Lecture XII

Concepts to Develop

1) Stable polymorphism vs. oscillatory dynamics

or Hawk-Dove vs. Rock-Paper-Scissors

2) Diminishing returns and frequency dependent selection leads to stabilizing selection

The sex-ratio game

Local Mate competition

3) Questions for groups:

a) Why is the frequency of males:females so often very near to 50:50?

b) What must be true at the equilibrium sex ratio?

R - P - S

Consider a situation where the value of the resource is 1.

In a Rock - Paper game, where Rock and Paper are pure strategies, the payoff matrix looks as follows:

Clearly, Paper is an evolutionary stable strategy and can invade a population of Rock strategists when rare.

Now, let us consider the Rock - Paper - Scissors game. The payoff matrix looks as follows:

Clearly there is no ESS (look at diagonal elements and compare with column elements). Each strategy has a rare advantage when one of the others is common.

This is another example of frequency-dependent selection. The expected fitness of a strategy depends on the relative frequency of other strategies in the population.

The evolutionary stable state in this situation is 1/3 Rock, 1/3 Paper, and 1/3 Scissors. Unlike the Hawk - Dove game, where the population converged to this stable state, the Rock - Paper - Scissors game results in oscillatory dynamics around the attractor at equilibrium. Therefore, in the R - P - S game, evolution doesn't stop (frequencies of the strategies overshoot the attractor.

Are there data supporting R-P-S in nature?

(see lizard paper on reserve in the Life Sciences Library for figures and discussion)

Basically:

There are three different types of male lizards in the population

ORANGE: Aggressively defend territory against intruders. Can recognize other orange males and blue males.

YELLOW: Female mimic. Invades ORANGE territory (is not recognized by the orange lizard) and mates with females while the orange male is patrolling.

BLUE: Not as aggressive as ORANGE (i.e, lose battles to orange), but can recognize YELLOW males.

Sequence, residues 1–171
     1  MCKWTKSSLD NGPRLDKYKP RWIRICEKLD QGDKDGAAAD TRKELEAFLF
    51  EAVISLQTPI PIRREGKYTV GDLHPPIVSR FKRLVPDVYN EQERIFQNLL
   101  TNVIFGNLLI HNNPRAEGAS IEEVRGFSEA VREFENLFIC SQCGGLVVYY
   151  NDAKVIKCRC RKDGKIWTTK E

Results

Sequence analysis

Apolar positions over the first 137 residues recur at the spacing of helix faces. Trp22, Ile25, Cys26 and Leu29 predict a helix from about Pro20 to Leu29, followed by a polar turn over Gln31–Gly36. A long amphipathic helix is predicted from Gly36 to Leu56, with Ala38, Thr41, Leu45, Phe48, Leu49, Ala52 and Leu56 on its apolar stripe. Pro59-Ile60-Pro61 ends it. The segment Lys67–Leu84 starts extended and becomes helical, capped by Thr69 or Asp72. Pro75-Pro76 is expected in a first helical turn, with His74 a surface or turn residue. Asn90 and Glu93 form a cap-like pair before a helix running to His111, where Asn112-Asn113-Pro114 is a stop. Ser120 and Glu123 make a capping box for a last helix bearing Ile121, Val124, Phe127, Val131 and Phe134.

Females come to the territories to mate. Yellow males have an advantage over orange males (sneak in), blue males have an advantage over yellow males (beat up), and orange males have an advantge over blue males (beat up).

Data show that the frequency of male morphs in the population oscillate in the predicted direction over time (O --> Y --> B --> O ...)

Does this prove R - P - S? No, but it doesn't eliminate it as a possiblity.

Frequency-dependent selection usually means rare-advantage and is a form of stablizing selection.

The sex-ratio game

Frequency-dependent selection usually means rare-advantage and is a form of stablizing selection.

Think about sea urchins

a) assume 1 male can fertilize all females in the population

b) assume all eggs produced by females are fertilized

c) hence: male fitness is limited by access to eggs and female fitness is limited by access to resources (Bateman's principle)

Consider now the fitness of a rare mutant parent having a mutation that changes the number of sons and daughters it makes.

The fitness of the parent is equal to the number of daughters + the number of sons scaled by the number of females in the population relative to the number of males in the population.

parental fitness = # daughters + # sons (#females / #males)

At the equilibrium point for indivdual investment in daughters and sons (which manifests itself as the equilibrium sex ratio) what must be true?

Fitness gains through daughter and son production must be equal

For randomly mating, infinite populations, this occurs at 50:50 male:female.